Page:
The pace of searches slowed down in the second half as many viewers apparently lost interest in the game and became resigned to the fact that Nick Saban soon would be hoisting another championship trophy.
Is all of this just sour grapes on the part of college football fans who do not count Alabama as their favorite team? Perhaps it is. The Saban era has been relatively free of serious scandal connected to the football program. Here are a few articles that have been written about certain issues, but nothing much has come of them:
* "Alabama's Unhappy Castoffs: Ex Players Say Coach Nick Saban Pressured Them to Take Medical Scholarships; a 'Bitter' Outcome," by Hannah Karp and Darren Everson, The Wall Street Journal, September 24, 2010;
* "Former Players Say Saban Twisted the Truth: Alabama's Football Coach Said Four Athletes Were Let Go for Breaking Team Rules--Three of Them Say That's Not True," by Hannah Karp, The Wall Street Journal, November 25, 2010;
* "Alabama's Timeline Makes No Sense; Nick Saban Comments On Story," by Clay Travis, outkickthecoverage.com, July 26, 2011.
None of those stories caused a serious headache for UA fans. But a genuine investigation into Paul Bryant Jr.'s activities might do just that.
ESPN has ranked Bryant Jr. among the most powerful boosters in college sports. Public documents show that Bryant liquidated Alabama Reassurance in late 2007 and replaced it with a company called Alabama Life Reinsurance. Curiously, Alabama Re was a company with admitted assets of more than $238 million--and only two full-time employees.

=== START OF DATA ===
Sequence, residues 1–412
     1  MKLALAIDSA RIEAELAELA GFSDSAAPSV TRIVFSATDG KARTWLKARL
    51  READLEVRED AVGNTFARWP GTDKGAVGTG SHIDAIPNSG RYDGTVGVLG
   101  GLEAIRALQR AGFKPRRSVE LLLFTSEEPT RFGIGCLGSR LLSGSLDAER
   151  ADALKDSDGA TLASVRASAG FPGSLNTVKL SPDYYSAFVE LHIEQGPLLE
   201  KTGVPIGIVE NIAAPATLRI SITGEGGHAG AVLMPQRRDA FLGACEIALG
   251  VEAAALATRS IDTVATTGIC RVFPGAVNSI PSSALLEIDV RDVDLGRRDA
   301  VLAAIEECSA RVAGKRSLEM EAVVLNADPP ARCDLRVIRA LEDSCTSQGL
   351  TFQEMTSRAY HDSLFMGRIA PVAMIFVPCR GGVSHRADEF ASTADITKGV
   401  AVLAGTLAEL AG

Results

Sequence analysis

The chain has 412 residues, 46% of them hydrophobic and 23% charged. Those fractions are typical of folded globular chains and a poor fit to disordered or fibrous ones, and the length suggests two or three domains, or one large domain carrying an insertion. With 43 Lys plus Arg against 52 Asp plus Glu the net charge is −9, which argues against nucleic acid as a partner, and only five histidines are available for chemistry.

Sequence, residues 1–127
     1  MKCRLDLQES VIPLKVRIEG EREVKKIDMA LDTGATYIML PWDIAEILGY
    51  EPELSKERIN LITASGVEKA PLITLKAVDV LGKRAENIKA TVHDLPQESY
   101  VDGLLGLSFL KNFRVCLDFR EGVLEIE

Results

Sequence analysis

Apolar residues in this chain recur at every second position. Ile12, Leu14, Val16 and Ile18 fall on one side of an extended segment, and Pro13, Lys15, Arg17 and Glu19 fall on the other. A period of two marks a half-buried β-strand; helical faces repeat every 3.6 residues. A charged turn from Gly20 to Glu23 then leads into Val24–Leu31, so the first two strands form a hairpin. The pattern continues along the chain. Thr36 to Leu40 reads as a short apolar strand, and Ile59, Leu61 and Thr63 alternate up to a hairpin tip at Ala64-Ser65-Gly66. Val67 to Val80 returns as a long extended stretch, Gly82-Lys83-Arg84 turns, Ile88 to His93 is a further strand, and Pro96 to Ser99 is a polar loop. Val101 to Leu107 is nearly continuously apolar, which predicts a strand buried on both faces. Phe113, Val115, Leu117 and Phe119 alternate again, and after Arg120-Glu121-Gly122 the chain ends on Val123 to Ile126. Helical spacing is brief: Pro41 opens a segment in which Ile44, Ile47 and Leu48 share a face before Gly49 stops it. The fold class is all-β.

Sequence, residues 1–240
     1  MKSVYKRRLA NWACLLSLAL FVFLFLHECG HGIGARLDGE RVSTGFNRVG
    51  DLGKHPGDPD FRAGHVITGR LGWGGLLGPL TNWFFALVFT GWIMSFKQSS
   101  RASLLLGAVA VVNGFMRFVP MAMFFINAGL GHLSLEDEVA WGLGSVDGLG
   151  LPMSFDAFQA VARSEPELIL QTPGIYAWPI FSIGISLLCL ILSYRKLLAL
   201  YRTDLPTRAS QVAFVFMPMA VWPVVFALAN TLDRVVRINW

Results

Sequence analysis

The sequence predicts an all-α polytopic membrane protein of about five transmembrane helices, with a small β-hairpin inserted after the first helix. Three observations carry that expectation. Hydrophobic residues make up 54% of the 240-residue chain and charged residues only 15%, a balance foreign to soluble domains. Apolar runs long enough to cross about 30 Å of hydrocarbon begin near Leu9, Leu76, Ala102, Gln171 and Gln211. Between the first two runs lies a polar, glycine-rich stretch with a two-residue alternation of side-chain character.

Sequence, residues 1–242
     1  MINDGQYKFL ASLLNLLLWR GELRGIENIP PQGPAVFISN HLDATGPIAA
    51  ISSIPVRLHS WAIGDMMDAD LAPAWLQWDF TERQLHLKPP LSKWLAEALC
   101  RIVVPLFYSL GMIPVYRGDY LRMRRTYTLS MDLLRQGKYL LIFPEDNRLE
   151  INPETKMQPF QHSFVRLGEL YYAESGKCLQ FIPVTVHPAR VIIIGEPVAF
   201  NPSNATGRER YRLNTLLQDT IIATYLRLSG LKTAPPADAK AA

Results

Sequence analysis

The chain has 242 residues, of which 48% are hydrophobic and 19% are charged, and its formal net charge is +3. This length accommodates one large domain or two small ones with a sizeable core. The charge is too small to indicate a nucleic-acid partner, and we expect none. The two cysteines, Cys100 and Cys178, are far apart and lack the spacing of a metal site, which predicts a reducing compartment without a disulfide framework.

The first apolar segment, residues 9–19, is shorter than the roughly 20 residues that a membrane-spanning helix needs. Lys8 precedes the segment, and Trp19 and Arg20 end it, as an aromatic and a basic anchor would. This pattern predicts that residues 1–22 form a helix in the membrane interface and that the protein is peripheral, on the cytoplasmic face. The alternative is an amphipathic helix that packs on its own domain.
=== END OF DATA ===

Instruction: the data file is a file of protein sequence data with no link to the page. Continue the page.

Was someone making a sweet profit off of that gig? It sure looks like it. Why was the company liquidated, and did that help hide any signs of financial chicanery? We don't know.
Anyone interested in scandal surrounding Alabama football should ponder the question we asked in the title of this post: "Is Alabama's Football Factory Fueled In Part With Proceeds From Insurance Fraud?"
Even the most cynical college football fan has to admit that Nick Saban is a splendid coach. One way or another, he attracts an impressive array of talent to Tuscaloosa--and they play the way Saban wants them to play.
Is there a scandal around Crimson Tide football? If so, it starts well beyond the sidelines. And you can almost bet it involves Paul Bryant Jr.--plus potentially funny numbers connected to his insurance businesses.